Post-fracture proppant flowback has been an unwanted result of high-pressure/high-temperature hard-rock fracturing in the Mahakam river delta for a number of years, causing abundant production-related issues coupled with additional operational risks for the operator.
Previous attempts to reduce proppant flowback with resin-coated proppant (RCP) have proven to be both unsuccessful and expensive due to the brittle nature of the hardened RCP and the extended cleanout periods associated with post-job fracture cleanout using RCP in the swamp environment, leading the operator to search for an alternative solution. In early 2012, the service company implemented a new proppant flowback control service for mid- to high-temperature wells. This service has been applied to the high-pressure/high-temperature fracturing campaign in the Mahakam delta with excellent results. The service consists of a resin-coated fiber additive coupled with technical support software for design and optimization purposes. The service was pioneered on four hydraulically fractured wells throughout 2012 and 2013.
From the four wells currently treated with the new proppant flowback control service, a total of 180 lbm of proppant has been recorded at surface production facilities. All of this proppant is known to be from well A (approximately 0.18% of total proppant placed during fracture treatment). Wells B, C, and D have all recorded zero proppant returned to date. None of the four wells shows any indication of perforation burial from proppant, and there has been no decline in production that can be attributed to proppant flowback.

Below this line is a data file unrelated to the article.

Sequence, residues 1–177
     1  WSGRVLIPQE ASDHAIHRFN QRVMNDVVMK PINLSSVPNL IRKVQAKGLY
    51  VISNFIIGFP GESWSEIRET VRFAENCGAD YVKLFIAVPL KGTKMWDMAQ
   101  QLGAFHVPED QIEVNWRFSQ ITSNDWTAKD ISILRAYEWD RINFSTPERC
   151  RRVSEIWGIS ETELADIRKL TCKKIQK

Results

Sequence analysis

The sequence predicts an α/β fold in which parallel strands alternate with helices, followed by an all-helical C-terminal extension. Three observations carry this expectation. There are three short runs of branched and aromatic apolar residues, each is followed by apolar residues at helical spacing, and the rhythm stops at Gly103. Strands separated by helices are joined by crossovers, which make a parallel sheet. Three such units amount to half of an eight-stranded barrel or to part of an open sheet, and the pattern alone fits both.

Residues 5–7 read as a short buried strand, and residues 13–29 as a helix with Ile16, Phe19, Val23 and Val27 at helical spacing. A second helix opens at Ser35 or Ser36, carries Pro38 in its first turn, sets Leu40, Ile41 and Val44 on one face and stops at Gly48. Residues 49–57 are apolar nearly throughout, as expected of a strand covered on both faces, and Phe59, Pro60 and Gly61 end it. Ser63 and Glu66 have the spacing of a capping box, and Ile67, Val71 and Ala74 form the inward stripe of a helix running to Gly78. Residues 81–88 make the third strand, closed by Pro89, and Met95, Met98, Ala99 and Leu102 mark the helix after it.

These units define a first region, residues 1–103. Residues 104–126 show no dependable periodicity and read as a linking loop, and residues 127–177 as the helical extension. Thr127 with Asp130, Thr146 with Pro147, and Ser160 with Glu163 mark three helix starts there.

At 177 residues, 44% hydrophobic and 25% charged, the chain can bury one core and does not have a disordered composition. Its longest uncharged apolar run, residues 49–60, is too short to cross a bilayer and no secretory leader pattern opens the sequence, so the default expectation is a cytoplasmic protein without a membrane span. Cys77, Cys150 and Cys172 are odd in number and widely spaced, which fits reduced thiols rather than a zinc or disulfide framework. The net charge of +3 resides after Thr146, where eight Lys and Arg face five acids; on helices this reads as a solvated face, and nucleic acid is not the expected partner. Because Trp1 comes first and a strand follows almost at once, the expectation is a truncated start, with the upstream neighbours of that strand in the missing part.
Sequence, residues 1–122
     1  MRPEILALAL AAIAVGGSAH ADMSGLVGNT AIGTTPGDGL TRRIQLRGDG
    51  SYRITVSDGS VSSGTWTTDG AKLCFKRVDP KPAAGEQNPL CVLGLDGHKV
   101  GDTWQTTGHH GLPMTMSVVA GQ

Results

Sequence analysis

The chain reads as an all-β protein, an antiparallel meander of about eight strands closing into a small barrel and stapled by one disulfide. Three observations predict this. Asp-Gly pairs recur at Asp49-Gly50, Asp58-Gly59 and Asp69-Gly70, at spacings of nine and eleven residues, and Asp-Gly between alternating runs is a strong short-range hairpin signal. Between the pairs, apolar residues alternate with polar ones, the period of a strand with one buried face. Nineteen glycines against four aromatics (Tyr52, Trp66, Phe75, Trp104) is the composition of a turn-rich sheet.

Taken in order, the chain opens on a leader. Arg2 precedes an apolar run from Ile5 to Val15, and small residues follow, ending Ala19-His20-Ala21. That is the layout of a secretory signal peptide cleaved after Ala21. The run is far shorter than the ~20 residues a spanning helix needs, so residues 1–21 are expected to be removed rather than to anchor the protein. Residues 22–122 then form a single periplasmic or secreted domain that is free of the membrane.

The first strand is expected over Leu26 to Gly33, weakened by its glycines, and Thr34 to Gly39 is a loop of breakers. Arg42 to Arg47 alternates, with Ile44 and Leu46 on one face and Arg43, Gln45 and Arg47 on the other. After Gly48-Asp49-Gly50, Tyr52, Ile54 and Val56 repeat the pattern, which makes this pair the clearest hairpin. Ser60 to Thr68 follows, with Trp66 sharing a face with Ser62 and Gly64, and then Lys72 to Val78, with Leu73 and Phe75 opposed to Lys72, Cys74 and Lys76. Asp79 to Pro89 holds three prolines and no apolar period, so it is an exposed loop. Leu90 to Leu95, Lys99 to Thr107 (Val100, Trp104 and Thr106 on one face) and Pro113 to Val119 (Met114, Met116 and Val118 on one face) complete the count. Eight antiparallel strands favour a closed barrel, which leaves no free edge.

Over the last 30 years, an operator has been developing several fields in the Mahakam river delta, in the province of East Kalimantan, Borneo, Indonesia (Fig. 1). The fields comprise a series of interbedded deltaic sandstones, shales, coals, and, locally, limestones, with gas-bearing sand bodies, typically with a total vertical depth of less than 12,000 ft. The majority of the wells are multizone gas producers completed with cemented tubing that are perforated and produced using a bottom-up strategy.
Hydraulic fracturing operations are currently performed in two separate fields within the Mahakam delta. The fracture targets in both cases are medium- to low-permeability gas reservoirs in hard-rock formations. In this case, this is defined as reservoirs with ~1.0 mD permeability and lower and a Young's modulus of >4.0 Mpsi. The fracturing fluid utilized is a high-temperature organo-metallic crosslinked system with high-strength ceramic proppant that is used because of the reservoir and stress environment in the region.
The operator has endured proppant flowback following hydraulic fracturing in both fields. In some cases, this proppant flowback caused considerable production loss with production meeting only 20% of the full potential of the well. This is due to restrictive well choking after proppant detection, as seen in the Fig. 2 for well Z. There have been cases of both perforation burial, leading to well shut-in for cleanout and proppant production at surface. The potential of further lost production and extensive damage to surface necessitated a permanent solution to proppant flowback in the Mahakam delta.